The Monday LunchBox

Gennadiy G Golovkin – Five things we learned:

  1. GGG is back – and it sure was great to have him. The threshing machine of the last ten years may have his tools blunted by the sands of time, but the chopping shots that exploded on Ryota Murata’s head on Saturday reminded us how good GGG still is. True, he was slow and it took him a few rounds to get going, after having one fight in almost three years, but once he checked in he forced the pace and started landing those powerful jabs followed by clubbing head and body shots and his brave Japanese opponent gradually unravelled. The stoppage came at 2:11 of the ninth. Murata entered the contest with a 16-2 (13 KO) record and an Olympic gold medal to his log. Golovkin, four years his senior, systematically took him apart and to this writer remains the most entertaining fighter in boxing. A man who’s never in a bad fight and always brings his ‘Big Drama show’ and undoubted class to the party.
  2. He ain’t what he was, but it doesn’t matter – Golovkin looked vulnerable to pace and body shots on Saturday. He’s never been dropped or stopped as a professional, but is starting to show a fallibility to body shots. A man of forty years of age should do ! Whilst the strength of his chin is unquestionable, it’s the softer parts of his finely chiselled body that may be his downfall. However, to get to it you’ve got to penetrate that jab and work inside his class and relentless attack. YOU will have to be able to take a shot to do that, and not many fighters are able to tough it out.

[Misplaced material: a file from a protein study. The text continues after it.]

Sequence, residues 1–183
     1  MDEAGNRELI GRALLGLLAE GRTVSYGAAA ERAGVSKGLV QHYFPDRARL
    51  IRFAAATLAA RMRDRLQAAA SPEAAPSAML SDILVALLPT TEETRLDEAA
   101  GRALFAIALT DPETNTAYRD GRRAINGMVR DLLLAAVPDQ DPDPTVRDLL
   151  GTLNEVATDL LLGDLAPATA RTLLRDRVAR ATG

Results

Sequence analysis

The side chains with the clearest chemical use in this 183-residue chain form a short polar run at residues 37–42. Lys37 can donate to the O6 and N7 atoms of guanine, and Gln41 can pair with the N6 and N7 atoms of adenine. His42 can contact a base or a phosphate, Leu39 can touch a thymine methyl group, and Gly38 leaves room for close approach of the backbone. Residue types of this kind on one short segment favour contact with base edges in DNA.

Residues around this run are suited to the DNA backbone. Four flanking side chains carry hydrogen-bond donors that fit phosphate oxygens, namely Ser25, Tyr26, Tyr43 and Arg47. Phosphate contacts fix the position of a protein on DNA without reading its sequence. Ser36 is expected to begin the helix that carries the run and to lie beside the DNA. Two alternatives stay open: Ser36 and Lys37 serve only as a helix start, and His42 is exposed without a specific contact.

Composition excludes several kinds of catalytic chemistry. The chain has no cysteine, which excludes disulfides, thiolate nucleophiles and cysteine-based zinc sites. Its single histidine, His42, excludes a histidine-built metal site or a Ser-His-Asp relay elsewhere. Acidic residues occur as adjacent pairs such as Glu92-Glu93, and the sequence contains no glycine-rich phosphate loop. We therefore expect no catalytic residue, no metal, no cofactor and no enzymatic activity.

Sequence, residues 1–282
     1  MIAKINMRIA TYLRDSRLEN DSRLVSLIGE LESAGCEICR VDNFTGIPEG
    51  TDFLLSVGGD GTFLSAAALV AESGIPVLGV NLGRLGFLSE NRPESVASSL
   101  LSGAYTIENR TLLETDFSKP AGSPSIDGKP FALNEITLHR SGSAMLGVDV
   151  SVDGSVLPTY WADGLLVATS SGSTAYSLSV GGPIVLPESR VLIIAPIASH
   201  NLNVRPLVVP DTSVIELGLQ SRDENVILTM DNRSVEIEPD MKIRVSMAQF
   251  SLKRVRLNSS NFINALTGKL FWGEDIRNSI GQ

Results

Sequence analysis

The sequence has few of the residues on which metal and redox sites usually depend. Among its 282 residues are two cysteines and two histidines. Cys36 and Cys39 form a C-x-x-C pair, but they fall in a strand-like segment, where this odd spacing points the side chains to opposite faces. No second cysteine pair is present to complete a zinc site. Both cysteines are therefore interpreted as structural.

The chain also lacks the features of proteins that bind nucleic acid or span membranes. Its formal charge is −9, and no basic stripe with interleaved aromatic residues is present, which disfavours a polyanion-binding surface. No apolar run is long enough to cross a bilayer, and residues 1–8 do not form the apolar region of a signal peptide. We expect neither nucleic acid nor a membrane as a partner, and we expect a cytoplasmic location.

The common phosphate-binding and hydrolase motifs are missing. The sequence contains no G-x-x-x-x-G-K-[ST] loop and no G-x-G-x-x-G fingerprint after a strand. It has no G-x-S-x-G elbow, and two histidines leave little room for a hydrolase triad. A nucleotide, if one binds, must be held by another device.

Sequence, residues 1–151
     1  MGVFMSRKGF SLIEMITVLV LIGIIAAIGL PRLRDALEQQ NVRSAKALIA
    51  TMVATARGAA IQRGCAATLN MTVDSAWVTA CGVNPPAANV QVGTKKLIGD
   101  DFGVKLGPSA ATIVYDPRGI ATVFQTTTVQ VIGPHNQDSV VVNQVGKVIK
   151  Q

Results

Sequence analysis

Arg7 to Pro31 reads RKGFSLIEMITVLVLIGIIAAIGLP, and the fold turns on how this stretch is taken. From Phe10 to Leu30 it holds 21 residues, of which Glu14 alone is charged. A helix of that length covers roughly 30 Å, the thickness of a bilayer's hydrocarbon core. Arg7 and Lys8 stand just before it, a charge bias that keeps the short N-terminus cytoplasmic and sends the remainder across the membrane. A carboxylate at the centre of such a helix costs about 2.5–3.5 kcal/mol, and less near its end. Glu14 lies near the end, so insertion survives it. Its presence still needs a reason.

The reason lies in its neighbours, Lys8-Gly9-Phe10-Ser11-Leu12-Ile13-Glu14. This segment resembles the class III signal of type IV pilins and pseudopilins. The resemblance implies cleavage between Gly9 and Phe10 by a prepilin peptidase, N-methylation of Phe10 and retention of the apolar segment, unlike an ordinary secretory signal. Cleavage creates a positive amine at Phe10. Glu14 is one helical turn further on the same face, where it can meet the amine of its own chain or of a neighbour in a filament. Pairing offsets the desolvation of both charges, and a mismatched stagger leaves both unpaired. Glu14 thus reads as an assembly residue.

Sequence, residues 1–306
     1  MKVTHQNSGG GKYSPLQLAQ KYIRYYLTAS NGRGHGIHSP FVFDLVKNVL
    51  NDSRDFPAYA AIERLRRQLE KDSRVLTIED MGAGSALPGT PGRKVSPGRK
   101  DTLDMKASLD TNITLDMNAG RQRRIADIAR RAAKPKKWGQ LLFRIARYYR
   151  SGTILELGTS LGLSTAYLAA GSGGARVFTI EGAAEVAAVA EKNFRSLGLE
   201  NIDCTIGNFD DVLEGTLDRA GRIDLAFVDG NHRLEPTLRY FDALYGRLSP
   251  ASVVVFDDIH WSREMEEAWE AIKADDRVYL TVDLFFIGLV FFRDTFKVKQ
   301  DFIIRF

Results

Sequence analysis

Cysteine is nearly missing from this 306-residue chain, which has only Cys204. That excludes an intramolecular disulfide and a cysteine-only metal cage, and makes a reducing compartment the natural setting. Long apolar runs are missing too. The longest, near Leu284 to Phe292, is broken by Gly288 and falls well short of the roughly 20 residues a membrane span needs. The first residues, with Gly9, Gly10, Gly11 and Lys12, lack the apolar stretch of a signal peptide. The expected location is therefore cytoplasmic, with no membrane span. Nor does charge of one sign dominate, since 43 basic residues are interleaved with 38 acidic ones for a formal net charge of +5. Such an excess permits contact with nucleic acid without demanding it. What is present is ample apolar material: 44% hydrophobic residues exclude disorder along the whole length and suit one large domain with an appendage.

3. The Canelo trilogy fight has to happen – One all in most ring observers books and you’d have to be GGG’s worst critic not to give him the right to challenge the #1 pound-for-pounder Saul ‘Canelo’ Alvarez (57-1-2, 39 KO’s) in a third defining fight. First the Mexican must come through a tough assignment at light-heavyweight against Russian Dmitry Bivol (19-0, 11 KO’s) on May 7 in Las Vegas. But, if and when that happens, September 17 is pencilled in for the Canelo-GGG trilogy fight. Despite it’s late coming it will likely be the biggest grossing fight in boxing history. Mexico City is the front runner for its staging, but the Vegas casinos will be pushing hard for that one.
  4. The Hall awaits – In the modern era it’s commonplace to give current fighters a lack of respect compared to those of yesteryear. True, life was tougher in the 1930’s, 40’s and 50’s. There was more hardship and more fighters operating of high quality. Even, into the 60’s, 70’s and 80’s there were great fighters and great divisions, non more so than the 160lb (11st, 6lb) category. Some of the greatest fighters of all time have operated in this weight class. Think – Robinson, Monzon and Hagler. But, Gennadiy ‘GGG’ Golovkin can rightly sit among them, making a record number of defences (albeit of a splintered title) but taking part in two ‘fights of the ages’ with Canelo and compiling a 42-1-1 (37 KO) record.
  5. The end is nigh – Enjoy Golovkin while you can. Realistically he has one more fight left. Win, lose or draw against Canelo that will be it. Even in the modern era no fighter can compete at the elite level well into their early forties, unless they don’t have to make weight. It’s likely the Canelo fight, should it ultimately happen, will take place at a catchweight 168lbs (12st) or at light-heavy. The nine years younger Mexican will be an undoubted favorite going in. However, most great fighters have one great night left. Don’t count the Kazakh out.

Other main news over the weekend was the successful return of Ryan Garcia (22-0, 18 KO’s) against Emmanuel Tagoe with a hard fought unanimous twelve round decision. The 23 year old Mexican is one of the brightest stars in boxing and will look to work his way through the stacked lightweight (135lb/9st,9lb) division.

This regular feature is to also raise awareness of the Ringside Charitable Trust.

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